My most recent motto has been, “it’s better to do something because then you’ll have done it.” Does it sound a little obvious or redundant? Perhaps, but for me it’s a good reminder, because I have a tendency to not do very much when left to my own devices. I get complacent and revel in the peace and quiet. I haven’t stretched myself much lately. I haven’t taken classes, I haven’t tried many new things, I haven’t traveled. I want that to change, so, simply put, I’ve made an effort to start doing stuff.
Lately this new motto of mine has helped convince me to do Artomatic, to finish the Sketchbook Project Ltd. Edition and send it off by the deadline, to take on more freelance work even when I was already busy, and to sign up for 2 travel workshops with Light Grey Art Lab!
I first discovered and got to know Lindsay Nohl, Francesca Buchko, and Chris Hajny, all from Paper Bicycle, when they started their daily pattern challenge. I was way too busy at the time to do more than watch what they created everyday, but it was an amazing inspiration to see such a variety of new patterns pop up on a daily basis, created by incredibly talented artists.
Months later when they announced that they were launching a new business, Light Grey Art Lab, where they would be teaching courses at a new studio space in Minneapolis, I was so excited for them, but also a little jealous of all the people who were lucky enough to live nearby.
Lucky for me, one of the first classes they posted was a “travel workshop”. When I saw the topic, I pretty much freaked out with excitement and knew I wanted to go. They put together a workshop that would take place at Surtex in NYC! It included access to the show, as well as lots of instruction about all kinds of things related to the business of surface and textile design.
As excited as I was, and as right as this workshop felt for me, I was a little nervous about signing up. True, designing patterns is definitely a dream of mine, but it’s always seemed to remain just out of reach. A couple of years ago, I actually thought about going to Surtex to do a walk through, but I was too chicken. I imagined getting overwhelmed and lost in the crowd, so in the end I “didn’t see the point”. I knew that the chance to go to the show with creatives who were familiar with the industry would make a world of difference, so after contemplating for a few days I made the decision to go, and went to sign up for the workshop.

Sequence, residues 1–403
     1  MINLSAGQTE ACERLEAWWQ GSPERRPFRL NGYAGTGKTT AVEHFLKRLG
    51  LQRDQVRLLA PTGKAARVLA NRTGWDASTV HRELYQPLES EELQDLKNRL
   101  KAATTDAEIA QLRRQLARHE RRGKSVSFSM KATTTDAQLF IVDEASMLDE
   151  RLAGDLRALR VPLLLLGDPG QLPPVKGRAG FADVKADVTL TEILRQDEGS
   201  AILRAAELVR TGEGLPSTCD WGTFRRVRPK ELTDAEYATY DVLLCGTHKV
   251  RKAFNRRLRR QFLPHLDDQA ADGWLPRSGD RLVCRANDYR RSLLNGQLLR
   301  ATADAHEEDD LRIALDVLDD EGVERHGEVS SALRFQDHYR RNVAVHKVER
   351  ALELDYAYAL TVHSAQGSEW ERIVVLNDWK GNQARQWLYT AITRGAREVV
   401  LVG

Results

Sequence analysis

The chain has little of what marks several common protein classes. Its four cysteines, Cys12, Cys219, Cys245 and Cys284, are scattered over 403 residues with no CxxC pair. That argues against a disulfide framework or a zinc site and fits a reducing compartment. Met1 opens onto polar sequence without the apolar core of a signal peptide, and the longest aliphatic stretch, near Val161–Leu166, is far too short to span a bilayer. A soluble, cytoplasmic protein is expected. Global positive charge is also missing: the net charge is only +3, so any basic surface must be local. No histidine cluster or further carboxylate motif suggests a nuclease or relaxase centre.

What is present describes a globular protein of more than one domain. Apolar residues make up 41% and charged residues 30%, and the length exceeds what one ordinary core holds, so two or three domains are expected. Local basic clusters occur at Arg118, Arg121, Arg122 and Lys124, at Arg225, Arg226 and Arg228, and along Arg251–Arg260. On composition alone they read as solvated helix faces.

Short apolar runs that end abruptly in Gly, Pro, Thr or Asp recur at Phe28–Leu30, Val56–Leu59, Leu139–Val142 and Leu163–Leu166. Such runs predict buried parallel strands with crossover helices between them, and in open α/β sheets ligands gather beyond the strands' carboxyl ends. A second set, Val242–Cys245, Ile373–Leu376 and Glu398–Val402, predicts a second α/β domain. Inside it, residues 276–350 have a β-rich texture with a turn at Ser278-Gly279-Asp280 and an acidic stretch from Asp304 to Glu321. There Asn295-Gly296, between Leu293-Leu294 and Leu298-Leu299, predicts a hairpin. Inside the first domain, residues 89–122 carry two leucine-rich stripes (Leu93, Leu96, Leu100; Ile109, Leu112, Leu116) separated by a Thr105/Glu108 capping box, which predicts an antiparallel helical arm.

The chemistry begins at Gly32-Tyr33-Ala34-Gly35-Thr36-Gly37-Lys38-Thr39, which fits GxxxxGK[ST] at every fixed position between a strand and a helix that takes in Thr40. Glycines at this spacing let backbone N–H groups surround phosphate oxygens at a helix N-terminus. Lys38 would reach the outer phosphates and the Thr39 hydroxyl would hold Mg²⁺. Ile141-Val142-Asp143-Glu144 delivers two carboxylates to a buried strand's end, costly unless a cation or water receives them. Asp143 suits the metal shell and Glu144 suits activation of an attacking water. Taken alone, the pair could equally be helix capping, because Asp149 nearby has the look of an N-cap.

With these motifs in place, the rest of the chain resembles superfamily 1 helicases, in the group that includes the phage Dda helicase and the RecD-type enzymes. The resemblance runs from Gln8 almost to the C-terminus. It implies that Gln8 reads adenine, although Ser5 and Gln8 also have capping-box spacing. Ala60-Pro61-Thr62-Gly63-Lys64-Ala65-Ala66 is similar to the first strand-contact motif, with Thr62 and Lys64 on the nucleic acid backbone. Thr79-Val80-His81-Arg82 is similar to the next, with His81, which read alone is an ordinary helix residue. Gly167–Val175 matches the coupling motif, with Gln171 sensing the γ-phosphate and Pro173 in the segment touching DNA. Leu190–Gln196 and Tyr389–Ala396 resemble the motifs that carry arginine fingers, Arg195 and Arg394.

And it was sold out!
I was heartbroken because I wanted to go so bad. I kicked myself for waiting even a few days to make my decision. The only thing I could think to do was write to Lindsay to say that I’d be very happy to take someone’s spot if they weren’t able to go for some reason. Lindsay is one of the friendliest people on the planet, and in this case she was also my hero. She wrote back to me to say that hope was not lost. She was going to see if it was possible to create a few more spots on the trip.
It took a while to hear back, but eventually Lindsay worked it out so I could go! She even managed to get me a roommate so I wouldn’t have to pay extra for the hotel! With a second chance to go, I didn’t waste any time signing up!
By now I have gone to the Surtex workshop and returned home again, brimming with ideas and inspiration.
I’m going to write another post just about my Surtex experience, but I also want to tell you about another travel workshop that popped up on the Light Grey Art Lab site a few weeks ago.
This one is called “Illustration Bootcamp” and it’ll take place at Light Grey Art Lab in Minneapolis. It’s led by guest instructor/illustrator extraordinaire, Meg Hunt, and was marketed as a travel workshop to encourage people from other cities to come join the fun. I let this one stew for a while too (didn’t I learn my lesson the first time?), but luckily it didn’t sell out before I made up my mind to go.
Why the hesitation? Well, I never thought I could be an illustrator. I have a vivid memory from when I took my first printmaking class: Another girl in the class was also taking an illustration course at the same time. I loved what she was doing and thought it looked like so much fun, but I had this clear thought in my head, “I’m not an illustrator. I’m not good enough to do that.”
Looking back on the memory now I think, “how odd!” and I wonder where that thought came from. But like it or not, the belief ingrained itself within me, and I’ve believed it for years: I might be creative, but I’m no illustrator.
For me to sign up for “Illustration Bootcamp” took some guts. I still feel a little like an interloper–like it’ll be really obvious that I don’t belong or something–but in the end I decided to do the workshop because it’s something I’m interested in, and I know I’ll walk away from it with the benefit of the new experience, gaining knowledge, inspiration, and hopefully some more creative friends.
At this point I’m especially excited about the trip now that I’ve met some Minneapolis based creatives who were part of the Surtex workshop. It’ll be great to reunite with some of my new “old friends,” but I’m also very excited to meeting the other participants in the workshop, including a couple of online friends, Emily Balsley and Lisa Marie Tsering, who signed up for Illustration Bootcamp too! Can’t wait!